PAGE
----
Refinery in Scotland to re-open

The Grangemouth refinery in Scotland is losing the ‘last link to its previous life, as a major deal was struck between national labor union Unite...

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|Oct 29|magazine7 min read

The Grangemouth refinery in Scotland is losing the ‘last link’ to its previous life, as a major deal was struck between national labor union Unite, the Scottish government and Petroineos, operator of the Grangemouth refinery and petrochemical plant, allowing the 210 mbd (thousand barrels per day) facility to re-open, says an analyst with research and consulting firm GlobalData.

According to Jeffrey Kerr, GlobalData’s managing analyst covering Downstream Oil & Gas, this favored outcome seemed like anything but a done deal even as late as Oct. 23, as the Scottish government actively sought a buyer for the Grangemouth refinery and petrochemical plant to take over from Switzerland-based Ineos and its minority partner Petrochina.

 “The union and its membership had authorized a general strike a few weeks ago as Ineos, which owns 100 percent of the petrochemical plant and 50.1 percent of the refinery, took steps to mothball the plant and reduce refinery operations,” Kerr says. “Citing high operating expenses due to fuel and feedstock costs, Ineos was seeking cost reductions from its workforce or else threatening to shut the whole works down altogether.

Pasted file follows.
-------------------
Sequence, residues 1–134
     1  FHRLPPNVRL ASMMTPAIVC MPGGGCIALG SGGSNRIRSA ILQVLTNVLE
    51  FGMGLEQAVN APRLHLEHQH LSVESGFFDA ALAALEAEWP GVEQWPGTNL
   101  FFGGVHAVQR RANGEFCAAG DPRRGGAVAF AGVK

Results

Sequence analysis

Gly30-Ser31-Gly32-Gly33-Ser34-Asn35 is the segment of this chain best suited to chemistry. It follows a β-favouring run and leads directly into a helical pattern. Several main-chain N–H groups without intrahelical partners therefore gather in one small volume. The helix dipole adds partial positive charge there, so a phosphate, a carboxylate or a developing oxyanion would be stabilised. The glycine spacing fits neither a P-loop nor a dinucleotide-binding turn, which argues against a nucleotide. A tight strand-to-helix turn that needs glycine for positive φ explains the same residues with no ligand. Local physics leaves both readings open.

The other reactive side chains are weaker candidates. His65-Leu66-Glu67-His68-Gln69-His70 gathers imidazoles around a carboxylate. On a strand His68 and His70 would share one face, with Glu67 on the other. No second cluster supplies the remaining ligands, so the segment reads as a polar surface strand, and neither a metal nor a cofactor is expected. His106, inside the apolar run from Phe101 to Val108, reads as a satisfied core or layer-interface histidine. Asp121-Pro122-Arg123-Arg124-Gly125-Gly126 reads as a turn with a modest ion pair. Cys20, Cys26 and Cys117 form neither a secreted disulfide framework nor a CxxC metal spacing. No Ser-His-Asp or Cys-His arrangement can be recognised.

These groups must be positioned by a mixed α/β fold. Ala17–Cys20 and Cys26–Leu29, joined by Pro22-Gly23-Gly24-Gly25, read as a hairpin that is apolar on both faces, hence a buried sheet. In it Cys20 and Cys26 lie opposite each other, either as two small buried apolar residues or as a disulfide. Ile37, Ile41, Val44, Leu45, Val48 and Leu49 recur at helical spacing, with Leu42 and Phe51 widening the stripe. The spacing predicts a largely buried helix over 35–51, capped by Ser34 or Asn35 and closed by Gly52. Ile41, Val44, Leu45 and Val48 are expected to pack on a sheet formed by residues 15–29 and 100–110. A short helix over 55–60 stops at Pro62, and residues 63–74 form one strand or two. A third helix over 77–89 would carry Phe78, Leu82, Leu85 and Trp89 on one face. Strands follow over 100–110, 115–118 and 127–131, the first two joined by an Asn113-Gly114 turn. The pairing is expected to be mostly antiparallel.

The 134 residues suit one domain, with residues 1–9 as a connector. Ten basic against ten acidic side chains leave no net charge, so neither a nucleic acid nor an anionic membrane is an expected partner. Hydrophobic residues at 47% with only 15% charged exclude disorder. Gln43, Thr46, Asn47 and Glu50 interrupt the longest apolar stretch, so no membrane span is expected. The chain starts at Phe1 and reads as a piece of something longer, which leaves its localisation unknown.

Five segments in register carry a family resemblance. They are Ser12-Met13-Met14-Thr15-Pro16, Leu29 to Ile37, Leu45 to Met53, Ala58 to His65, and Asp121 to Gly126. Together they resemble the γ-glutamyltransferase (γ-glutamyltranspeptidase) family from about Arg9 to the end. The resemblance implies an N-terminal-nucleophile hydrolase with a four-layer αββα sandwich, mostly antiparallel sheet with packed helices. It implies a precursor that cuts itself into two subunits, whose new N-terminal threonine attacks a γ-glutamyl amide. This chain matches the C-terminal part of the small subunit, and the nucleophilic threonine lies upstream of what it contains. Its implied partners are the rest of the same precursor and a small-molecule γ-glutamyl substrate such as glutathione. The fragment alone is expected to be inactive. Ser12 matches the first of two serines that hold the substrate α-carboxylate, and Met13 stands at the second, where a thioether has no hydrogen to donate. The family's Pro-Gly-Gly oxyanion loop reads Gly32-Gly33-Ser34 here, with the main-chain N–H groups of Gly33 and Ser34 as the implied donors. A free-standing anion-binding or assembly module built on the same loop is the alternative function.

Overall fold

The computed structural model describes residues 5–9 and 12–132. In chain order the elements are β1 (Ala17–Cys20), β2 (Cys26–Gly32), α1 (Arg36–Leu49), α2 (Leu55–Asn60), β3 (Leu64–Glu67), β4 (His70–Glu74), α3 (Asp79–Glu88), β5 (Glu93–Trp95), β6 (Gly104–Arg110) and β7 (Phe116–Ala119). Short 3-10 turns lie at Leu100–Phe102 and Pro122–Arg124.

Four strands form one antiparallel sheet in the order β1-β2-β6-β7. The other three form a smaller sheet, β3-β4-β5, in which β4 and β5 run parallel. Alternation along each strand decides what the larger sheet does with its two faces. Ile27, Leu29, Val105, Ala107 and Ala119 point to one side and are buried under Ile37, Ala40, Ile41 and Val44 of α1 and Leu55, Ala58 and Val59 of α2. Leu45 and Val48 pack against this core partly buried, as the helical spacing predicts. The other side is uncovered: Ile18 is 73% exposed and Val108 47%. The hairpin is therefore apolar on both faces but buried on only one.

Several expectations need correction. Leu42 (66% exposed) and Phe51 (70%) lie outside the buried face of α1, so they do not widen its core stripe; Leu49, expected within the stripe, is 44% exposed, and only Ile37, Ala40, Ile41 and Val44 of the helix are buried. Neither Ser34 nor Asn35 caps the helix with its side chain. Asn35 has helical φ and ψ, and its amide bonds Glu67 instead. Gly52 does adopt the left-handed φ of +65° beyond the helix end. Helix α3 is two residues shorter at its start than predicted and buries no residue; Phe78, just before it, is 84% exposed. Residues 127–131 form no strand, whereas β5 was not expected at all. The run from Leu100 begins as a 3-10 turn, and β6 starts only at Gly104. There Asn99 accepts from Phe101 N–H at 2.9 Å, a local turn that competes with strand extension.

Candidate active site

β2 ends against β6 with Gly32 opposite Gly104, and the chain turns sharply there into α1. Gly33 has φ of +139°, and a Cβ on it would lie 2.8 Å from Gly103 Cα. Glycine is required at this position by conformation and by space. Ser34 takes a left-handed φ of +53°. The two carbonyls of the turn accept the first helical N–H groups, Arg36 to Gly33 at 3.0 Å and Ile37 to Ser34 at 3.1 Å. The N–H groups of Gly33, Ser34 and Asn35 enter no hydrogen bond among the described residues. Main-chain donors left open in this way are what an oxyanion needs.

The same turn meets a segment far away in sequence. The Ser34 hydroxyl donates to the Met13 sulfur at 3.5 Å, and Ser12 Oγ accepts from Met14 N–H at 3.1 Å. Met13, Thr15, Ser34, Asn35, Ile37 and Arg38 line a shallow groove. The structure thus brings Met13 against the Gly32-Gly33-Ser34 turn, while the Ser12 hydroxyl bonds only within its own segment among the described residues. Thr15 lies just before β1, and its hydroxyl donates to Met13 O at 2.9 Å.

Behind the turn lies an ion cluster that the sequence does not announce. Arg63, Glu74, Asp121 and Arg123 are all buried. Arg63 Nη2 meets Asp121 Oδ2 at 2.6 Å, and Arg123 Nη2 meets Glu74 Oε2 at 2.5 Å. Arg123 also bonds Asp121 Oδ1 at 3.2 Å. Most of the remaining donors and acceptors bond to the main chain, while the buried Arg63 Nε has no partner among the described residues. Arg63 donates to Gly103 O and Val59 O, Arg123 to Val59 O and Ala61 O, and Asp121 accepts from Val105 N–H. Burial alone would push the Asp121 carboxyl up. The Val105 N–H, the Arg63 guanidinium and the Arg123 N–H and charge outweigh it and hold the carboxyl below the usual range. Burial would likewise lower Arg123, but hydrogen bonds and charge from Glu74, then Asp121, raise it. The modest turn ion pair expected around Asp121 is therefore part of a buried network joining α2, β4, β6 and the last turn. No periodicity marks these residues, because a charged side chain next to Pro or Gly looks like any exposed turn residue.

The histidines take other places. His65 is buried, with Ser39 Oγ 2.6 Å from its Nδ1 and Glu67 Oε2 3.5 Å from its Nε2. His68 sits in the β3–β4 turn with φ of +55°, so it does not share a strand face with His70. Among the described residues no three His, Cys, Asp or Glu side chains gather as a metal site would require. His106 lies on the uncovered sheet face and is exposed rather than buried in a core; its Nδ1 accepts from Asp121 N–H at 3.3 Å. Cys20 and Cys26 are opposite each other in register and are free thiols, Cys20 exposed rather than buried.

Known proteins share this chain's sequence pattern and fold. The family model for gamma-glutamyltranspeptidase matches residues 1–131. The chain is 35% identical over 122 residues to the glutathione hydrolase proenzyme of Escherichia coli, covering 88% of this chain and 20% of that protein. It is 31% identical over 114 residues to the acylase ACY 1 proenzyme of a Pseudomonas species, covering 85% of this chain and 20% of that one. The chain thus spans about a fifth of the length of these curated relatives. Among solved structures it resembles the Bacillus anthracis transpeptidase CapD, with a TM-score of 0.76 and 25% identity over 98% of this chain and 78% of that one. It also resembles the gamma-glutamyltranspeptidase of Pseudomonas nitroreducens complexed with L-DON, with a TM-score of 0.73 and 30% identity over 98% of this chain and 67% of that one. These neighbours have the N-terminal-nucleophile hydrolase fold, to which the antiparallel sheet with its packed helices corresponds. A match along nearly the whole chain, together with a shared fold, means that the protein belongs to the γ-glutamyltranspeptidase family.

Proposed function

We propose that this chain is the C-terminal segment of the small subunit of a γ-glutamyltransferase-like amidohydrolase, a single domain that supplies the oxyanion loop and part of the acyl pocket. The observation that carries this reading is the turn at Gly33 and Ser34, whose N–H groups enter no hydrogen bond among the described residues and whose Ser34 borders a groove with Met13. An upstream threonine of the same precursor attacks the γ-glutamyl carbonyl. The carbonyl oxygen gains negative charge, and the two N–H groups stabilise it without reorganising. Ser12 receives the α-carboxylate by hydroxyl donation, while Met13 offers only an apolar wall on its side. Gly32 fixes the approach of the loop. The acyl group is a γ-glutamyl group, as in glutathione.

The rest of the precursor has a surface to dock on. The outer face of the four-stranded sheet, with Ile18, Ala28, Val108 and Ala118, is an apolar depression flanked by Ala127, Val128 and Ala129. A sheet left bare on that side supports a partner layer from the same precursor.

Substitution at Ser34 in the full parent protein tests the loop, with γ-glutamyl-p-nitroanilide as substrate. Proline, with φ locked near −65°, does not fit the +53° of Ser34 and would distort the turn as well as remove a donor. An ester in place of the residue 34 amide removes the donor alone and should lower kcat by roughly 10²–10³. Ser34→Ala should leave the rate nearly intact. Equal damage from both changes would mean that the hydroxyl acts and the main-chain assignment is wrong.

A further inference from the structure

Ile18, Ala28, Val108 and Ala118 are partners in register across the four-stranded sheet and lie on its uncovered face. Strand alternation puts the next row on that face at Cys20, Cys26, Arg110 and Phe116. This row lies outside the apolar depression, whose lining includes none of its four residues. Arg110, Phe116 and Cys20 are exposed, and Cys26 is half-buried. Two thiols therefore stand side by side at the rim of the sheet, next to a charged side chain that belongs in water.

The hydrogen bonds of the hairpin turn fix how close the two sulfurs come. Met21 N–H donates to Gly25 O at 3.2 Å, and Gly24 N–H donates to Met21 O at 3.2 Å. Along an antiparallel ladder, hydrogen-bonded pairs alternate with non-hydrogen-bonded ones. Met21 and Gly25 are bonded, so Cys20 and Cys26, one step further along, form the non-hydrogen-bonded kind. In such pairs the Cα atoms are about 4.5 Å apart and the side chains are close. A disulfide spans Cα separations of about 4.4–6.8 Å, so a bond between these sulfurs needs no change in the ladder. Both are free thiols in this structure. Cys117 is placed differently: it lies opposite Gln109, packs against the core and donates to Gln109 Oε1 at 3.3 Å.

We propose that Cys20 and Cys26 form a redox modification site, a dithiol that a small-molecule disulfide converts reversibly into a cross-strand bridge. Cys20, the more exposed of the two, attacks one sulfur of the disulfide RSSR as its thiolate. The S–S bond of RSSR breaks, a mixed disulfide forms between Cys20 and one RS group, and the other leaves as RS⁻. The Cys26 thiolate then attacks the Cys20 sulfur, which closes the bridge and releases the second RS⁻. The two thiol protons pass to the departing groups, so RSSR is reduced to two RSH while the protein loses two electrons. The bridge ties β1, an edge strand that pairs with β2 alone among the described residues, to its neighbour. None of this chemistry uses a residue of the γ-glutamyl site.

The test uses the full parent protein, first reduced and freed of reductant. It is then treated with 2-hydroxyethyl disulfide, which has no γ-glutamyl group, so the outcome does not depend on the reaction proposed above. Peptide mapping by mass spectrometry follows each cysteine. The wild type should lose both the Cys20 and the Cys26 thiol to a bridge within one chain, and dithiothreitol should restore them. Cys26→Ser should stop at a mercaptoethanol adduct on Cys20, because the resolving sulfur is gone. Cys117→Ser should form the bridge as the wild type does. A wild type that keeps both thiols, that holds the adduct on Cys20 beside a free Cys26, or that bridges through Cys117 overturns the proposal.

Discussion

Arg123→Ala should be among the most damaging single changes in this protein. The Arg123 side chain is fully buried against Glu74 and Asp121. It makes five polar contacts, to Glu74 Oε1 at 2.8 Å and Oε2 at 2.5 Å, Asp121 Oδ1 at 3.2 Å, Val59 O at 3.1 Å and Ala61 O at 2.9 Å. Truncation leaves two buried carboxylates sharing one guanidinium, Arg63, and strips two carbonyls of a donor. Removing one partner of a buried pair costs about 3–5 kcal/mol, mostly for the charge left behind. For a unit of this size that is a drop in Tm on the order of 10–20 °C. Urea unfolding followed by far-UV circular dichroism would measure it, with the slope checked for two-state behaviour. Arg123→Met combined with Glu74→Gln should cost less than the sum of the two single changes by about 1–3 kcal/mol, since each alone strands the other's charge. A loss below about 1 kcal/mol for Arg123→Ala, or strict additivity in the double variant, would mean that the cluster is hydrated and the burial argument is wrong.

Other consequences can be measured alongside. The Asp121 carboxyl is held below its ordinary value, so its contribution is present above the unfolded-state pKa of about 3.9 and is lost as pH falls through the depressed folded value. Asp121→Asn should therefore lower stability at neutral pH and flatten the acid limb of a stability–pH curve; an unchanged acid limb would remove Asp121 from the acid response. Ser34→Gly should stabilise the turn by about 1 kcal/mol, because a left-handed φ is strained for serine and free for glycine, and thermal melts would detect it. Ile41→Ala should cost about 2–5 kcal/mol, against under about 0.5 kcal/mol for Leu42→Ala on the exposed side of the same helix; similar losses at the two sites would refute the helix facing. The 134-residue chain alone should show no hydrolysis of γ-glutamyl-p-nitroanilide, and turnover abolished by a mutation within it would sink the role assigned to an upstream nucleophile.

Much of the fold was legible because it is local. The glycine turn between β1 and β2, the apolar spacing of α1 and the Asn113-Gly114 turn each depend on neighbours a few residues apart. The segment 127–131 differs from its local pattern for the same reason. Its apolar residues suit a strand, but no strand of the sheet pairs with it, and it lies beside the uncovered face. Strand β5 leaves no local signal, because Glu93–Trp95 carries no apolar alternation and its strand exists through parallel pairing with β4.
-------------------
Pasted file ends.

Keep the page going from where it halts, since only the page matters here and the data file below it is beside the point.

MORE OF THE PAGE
“The Scottish government needed the refinery to open again as it prepares for next year’s referendum on leaving the United Kingdom,” Kerr says. “The current deal therefore provides a solution to restarting the facility and keeping the entire complex open for at least three years, allowing the referendum to proceed without significant job reduction.”

Ineos and Petrochina have now pledged to build a liquefied natural gas (LNG) regasification plant at the refinery, which will be able to accept shipments of relatively inexpensive natural gas from the U.S., in response to the large-scale increase in hydraulic fracturing use in the country.

 “The Grangemouth refinery has experienced a disadvantage due to its reliance on North Sea-produced natural gas and residual fuel oil for its power, both of which are relatively expensive,” Kerr says. “Furthermore, its primary feedstock is Forties crude oil. Long considered a major benefit for Grangemouth, the direct line into the Forties platform is proving to be more of a hindrance of late, since the crude oil itself has become part of the world’s international pricing benchmark.”

It is now planned that British Petroleum (BP) will shortly inaugurate a new steam pipeline connected to a neighboring Fortum-owned power plant. This will provide steam and power to operate the company’s Kinnell oil storage terminal and Forties processing and treatment plant.

“BP owned the Grangemouth refinery up until 2006, and its central selling point was its proximity to the Forties system. Now, this last link is being severed as the refinery gets a whole new labor contract and lease on life,” Kerr says.  

Source: www.globaldata.com